1.  Do not indulge in obsessive/compulsive behavior.  It's typical that when pain and mental anguish become overwhelming, a person will do something to combat the pain. Drinking, over-eating, gambling, shopping, smoking, even viewing pornography, unfortunately, are all things people do in an attempt to block their bad feelings. If you indulge yourself in this way, you are prohibiting your healing. But how do you deal with those overwhelming emotions that arise? Pray! Pray for strength! Grab your keys and go for a run! Clean out your basement! Mow the lawn! When you are trying to avoid something bad, replace it with something good and as you run, or clean, or mow, or go to the chapel to pray, or whatever good thing you choose to do, take your thoughts and emotions with you and process them with God's help... He is waiting for you to ask for help!

2.  Forgive those who have hurt you. I know to many this seems patently impossible, but with God, all things are possible. Forgiveness is one of the primary keys to healing a broken heart. Forgiveness does not mean the perpetrator of the hurt is suddenly "let off the hook" and bears no responsibility, but it does mean that you are relieved of the burden of the hurt. People expend enormous amounts of energy in holding grudges and stoking the flames of resentment and without realizing, completely block themselves off from experiencing joy and happiness. Forgiveness of those who have hurt you brings a freedom and a peace that cannot be realized otherwise. But again, it does not take place overnight and more importantly, we cannot do it all ourselves. Ask God for His help.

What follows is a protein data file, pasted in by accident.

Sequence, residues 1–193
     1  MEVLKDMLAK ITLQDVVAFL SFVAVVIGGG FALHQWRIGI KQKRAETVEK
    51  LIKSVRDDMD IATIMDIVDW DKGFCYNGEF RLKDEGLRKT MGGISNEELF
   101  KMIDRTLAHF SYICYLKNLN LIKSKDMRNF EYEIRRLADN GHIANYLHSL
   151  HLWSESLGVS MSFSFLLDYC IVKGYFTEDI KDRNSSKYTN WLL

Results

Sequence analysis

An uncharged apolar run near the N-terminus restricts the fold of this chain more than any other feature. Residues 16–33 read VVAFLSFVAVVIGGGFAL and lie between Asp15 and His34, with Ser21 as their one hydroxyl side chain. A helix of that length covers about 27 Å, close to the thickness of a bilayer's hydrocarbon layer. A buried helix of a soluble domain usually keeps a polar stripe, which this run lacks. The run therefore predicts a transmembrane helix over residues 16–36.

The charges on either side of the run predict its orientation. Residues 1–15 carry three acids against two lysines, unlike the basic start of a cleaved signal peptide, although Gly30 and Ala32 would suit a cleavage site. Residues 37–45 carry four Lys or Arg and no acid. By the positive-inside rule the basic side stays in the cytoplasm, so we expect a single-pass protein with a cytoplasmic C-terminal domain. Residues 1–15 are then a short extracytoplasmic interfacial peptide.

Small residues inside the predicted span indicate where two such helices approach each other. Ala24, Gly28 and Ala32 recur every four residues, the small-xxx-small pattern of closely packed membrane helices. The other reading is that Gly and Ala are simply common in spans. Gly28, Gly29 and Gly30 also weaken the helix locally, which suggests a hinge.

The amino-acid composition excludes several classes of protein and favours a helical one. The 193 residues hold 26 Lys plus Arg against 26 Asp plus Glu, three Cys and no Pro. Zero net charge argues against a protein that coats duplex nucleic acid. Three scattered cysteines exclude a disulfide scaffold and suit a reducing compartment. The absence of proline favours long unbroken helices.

3.  Look forward.  Don't forget that, even though the divorce experience is devastating, there is still life to be lived. There are still good things to be had. Don't allow your divorce to take that away from you!

Ephesians 2:10 says, "For we are God's masterpiece..." (International Standard Version, ©2008). What a beautiful illustration of the way God sees us, as His masterpieces! This can only mean one thing, that for all our trials and sufferings, God is constantly there, working on our hearts and souls. For those who suffer from divorce or any traumatic hurt, remember this as you walk the path to healing and let it be your motivation to remain strong.

Topics: Divorce , Faith , Health , Personal Growth

Lisa Duffy has 15 years of personal and professional experience in helping divorced Catholics. She is co-author of Divorced. Catholic. Now What?, and director-producer of the  inspirational DVD Voices of Hope. To find out more, visit www.divorcedcatholic.com.

View all articles by Lisa Duffy

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Dec
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December 21, 2014